In nature, cell walls have proteins called aquaporins in order to transport water through their membranes and filter out unwanted charged particles. They’re just wider than a water molecule’s diameter.
So why not try and use aquaporins in an artificial water system? They’re too fragile. CNTs are, on the other hand, are probably most known for their incredible strength given their size. They’re also cheaper to create.
The researchers created two sizes of CNT (0.8 and 1.5 nm wide) and embedded a set of either in a spherical lipid bilayer – in science speak, we’d say they made a “vesicle” – to create a filtering membrane. Instead of testing these vesicles with any variety of salt, the researchers used a fluorescent molecule called pyranine2 to see how effectively water molecules could flow through the CNTs. With some concentration of pyranine outside the vesicle, and none inside, water molecules were forced to traverse the membrane to balance the different concentrations out. In science speak, this is known as “osmotic pressure”.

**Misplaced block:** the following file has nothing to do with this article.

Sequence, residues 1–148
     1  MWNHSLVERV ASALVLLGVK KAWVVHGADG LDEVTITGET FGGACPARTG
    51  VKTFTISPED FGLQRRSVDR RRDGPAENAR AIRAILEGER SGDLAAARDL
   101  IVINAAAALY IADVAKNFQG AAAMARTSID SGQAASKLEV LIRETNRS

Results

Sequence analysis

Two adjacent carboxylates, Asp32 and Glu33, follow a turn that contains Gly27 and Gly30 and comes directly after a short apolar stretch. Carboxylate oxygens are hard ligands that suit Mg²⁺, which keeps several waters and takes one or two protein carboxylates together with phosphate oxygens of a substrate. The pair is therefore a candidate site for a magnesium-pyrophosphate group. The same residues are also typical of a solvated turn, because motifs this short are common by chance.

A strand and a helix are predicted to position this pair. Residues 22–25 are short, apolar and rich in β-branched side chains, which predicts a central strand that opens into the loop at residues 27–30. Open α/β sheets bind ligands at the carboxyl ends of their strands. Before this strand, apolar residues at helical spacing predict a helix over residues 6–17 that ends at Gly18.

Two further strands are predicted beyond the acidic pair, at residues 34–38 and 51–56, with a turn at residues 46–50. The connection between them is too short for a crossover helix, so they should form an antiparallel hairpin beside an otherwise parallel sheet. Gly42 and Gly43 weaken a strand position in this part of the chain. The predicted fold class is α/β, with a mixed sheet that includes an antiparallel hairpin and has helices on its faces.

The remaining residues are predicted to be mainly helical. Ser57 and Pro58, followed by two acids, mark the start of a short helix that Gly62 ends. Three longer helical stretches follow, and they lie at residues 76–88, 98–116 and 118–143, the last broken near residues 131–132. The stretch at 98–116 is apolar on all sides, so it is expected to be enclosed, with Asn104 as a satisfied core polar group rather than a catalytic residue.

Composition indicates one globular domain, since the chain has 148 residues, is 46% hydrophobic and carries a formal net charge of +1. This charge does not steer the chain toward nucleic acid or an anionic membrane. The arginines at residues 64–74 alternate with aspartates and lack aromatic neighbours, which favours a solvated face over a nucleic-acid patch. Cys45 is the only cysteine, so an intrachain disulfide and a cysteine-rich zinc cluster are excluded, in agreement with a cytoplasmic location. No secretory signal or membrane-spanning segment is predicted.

To test actual desalination effectiveness – that is, how the CNTs will handle the transport of ions – they also tested how individual CNTs responded to a KCl (Potassium Chloride) solution. The CNT was inserted into a 200 nm patch of lipid bilayer, as opposed to the spherical vesicle above.
What’d they find?
As one would suspect, the more CNTs embedded in the membrane, the faster the water was able to pass from inside the vesicle to outside. The 0.8 nm CNT were shown to filter water 6 times faster than aquaporins, and 11 times faster than the 1.5 nm CNTs (Computer simulations showed that the wider CNTs did not force the water molecules to filter through in that desired single file line).3